The cognitive affordances provide some of the most powerful opportunities for student learning and development of higher order thinking skills. It has been stated by Woo, Chu, Ho and Li (2011) that the use of wikis promotes and scaffolds students’ critical thinking, creative problem solving and creative reasoning skills. These skills are regularly cited as valuable and even vital in the 21st Century and students require support and scaffolding to develop these skills. Wikis provide a fantastic medium for supporting this through well-designed and authentic situated learning. Sanden and Darragh (2011) reported that wikis are able to promote development of critical literacy skills when implemented effectively in the classroom and a contributing factor could be the co-constructed nature of wikis via collaborative group processes that incorporate peer feedback. Another reason could be due to the high visibility of content on the wiki, which often requires students to carefully think through their information before posting. Wikis can also provide excellent opportunities for scaffolding students with their learning (Woo et. al., 2011) and this also requires a paradigm shift from the teacher as disseminator of knowledge to facilitator of learning. A positive consequence of this paradigm is that expertise is developed amongst students in areas of their learning in ways that were not as possible using more traditional methods possibly due to the fact that the internet enables immediate access to information and also to ‘experts in the field’. Discussion pages included in wikis are another fantastic device for extending students’ thinking as these allow for interaction with and about the content and the ability to reflect on this content. Such discussions are a valuable tool for teachers use in monitoring student progress as well a catalyst for structured reflection.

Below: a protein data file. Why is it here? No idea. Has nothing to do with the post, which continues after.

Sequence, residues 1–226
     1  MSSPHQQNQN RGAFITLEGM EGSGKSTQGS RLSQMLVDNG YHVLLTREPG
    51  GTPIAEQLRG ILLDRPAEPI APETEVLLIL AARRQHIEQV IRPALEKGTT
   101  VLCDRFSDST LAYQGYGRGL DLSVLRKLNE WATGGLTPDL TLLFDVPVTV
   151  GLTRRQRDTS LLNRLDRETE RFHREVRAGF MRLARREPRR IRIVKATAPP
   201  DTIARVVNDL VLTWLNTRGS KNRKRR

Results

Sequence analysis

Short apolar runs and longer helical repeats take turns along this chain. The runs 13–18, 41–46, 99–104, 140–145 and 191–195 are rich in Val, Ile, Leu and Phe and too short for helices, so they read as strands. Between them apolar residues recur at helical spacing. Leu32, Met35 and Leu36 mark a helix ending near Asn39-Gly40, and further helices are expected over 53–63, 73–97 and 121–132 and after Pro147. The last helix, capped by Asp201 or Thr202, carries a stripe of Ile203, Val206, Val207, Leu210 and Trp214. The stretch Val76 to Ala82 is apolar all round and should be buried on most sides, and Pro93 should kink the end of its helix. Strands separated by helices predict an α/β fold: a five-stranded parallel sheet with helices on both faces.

There are many social affordances apparent through the use of wikis and this is exemplified by the collaborative skills required for students to be able to work together as a team. Web 2.0 provides a highly interactive and social environment and this is strongly reflected through wikis. For the maximum impact on student learning, tasks need to be authentic and also incorporate collaborative group processes. A key affordance of wikis is in the collaborative construction of information. There are multiple contributors and editors depending on how the wiki is set up by the teacher or moderator and it is through the social interactions that occur between students towards the creation of information that provides a powerful tool for learning. The idea of the synergy that occurs whilst co-constructing writing (Woo et. al., 2011) demonstrates the benefits provided though wikis for students to enhance their communication skills and learn from each other. The value of peer interaction, as reported by Sanden et. al. (2011) further highlights this viewpoint and the teacher has a pivotal role in designing learning environments so that these interactions take place in a supportive environment. Wiki technology provides great opportunities for students to peer critique other people’s work and it is due to this that the idea of distributed authorship (Fountain, 2005) becomes highlighted. As each member of a wiki team works towards a common goal of producing the best possible information utilising each member’s skills, it is through this distribution that groups are able to best create and develop their work through a wiki. Effective peer communication is necessary and wikis allow for students to rehearse and develop these skills (Woo et. al., 2011). As the work of the group is highly visible to all who are able to access the wiki, this means that students will place a high level of expectation on themselves and their group, requiring them to produce their best possible work. This is a strength of wikis that students really enjoy as they are able to produce real information for real audiences. This has been reported as the promotion of a pride of authorship in the article 7 Things You Should Know About…Wikis (2005). Another social affordance of wikis is that they promote negotiation amongst students (Fountain, 2005) as they work together to produce their collective work in a democratic manner. Discussion forums can also provide a place for students to socially interact online and as this is asynchronous, various types of message posts such as comments, reflections or questions can be posted at any time of the day. Responses from teachers, peers and experts in the field are possible and this provides a dimension that is quite different from a traditional classroom learning structure. The participatory nature of learning rather than learning that is presented from a content delivery perspective (Ruth & Houghton, 2009) reflects this pedagogical shift and is facilitated through the use of wikis in the classroom.